Keeping sane during Black Friday: How to handle the impact of big retail events on service and support

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Black Friday has become a big deal in the retail calendar. From its roots around the United States Thanksgiving holiday, it’s become an international event similar to China’s Singles Day or Christmas. In the UK, research from the Centre for Retail Research and VoucherCodes.co.uk estimated that Black Friday sales would be around £2.44 billion in 2018, with online sales responsible for just over £1 billion of that total.

This increase in sales is matched by an increase in requests for support and service. When customers buy goods – or when they are thinking about that great deal but want more information – they will naturally reach out for more information. According to our own data, the following changes in help-desk requests took place:

  • We saw the overall incoming ticket volume increase by 70 per cent during the Black Friday season, which we defined as 15 days prior to Black Friday through to 15 days after. This is in comparison to the normal volume of tickets raised during regular business days.
  • We saw a change in the channels that customers chose to use as well. Customers are adopting chat or messaging channels more during the Black Friday period. For example, there is an overall spike in contacts through chat of around 86 per cent compared to our standard level of activity. This level of activity is also constantly increasing, as more brands adopt conversational messaging platforms and more customers choose this channel as their preference for service.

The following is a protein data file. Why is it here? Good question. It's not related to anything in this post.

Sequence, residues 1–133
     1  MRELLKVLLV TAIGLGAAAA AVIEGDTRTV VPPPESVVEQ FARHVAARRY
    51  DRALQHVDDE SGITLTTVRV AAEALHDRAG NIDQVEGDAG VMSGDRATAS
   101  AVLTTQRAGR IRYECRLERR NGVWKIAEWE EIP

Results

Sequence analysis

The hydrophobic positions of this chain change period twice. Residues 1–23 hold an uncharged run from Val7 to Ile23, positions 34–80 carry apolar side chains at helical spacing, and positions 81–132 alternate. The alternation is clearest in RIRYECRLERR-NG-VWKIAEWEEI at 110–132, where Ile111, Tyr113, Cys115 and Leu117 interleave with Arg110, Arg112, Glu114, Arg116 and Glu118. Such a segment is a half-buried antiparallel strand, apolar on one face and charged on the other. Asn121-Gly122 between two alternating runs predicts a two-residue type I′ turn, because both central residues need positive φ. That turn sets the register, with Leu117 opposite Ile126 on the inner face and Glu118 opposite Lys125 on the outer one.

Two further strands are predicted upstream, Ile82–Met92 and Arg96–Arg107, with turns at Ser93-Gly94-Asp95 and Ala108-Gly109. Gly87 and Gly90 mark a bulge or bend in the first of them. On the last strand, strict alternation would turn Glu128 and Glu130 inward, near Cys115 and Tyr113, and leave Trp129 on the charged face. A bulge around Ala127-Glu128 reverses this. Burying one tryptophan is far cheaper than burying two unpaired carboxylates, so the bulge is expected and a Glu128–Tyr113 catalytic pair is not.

• Alongside the increase in sales during Black Friday, there is also a spike in incoming queries and complaints. Due to the potential increases in the time taken to react to these requests, customers are reaching out to brands publicly through social media. The result of this is that there is an increase of 42 per cent in tickets logged as support requests through Twitter and Facebook

The main takeaway from these observations is that a big sales event will lead to more support requests, so preparing in advance is critical. In our experience, brands do add more staff and resources in the run-up to Black Friday – typically, around 33 per cent of companies add staff specifically to deal with the increase in ticket volumes.

Coping with the deluge

Alongside adding more staff, there are some other steps that you can take to improve your customer service around major retail events like Black Friday. These cover the whole gamut of how you run service and support operations, from technology to process and people.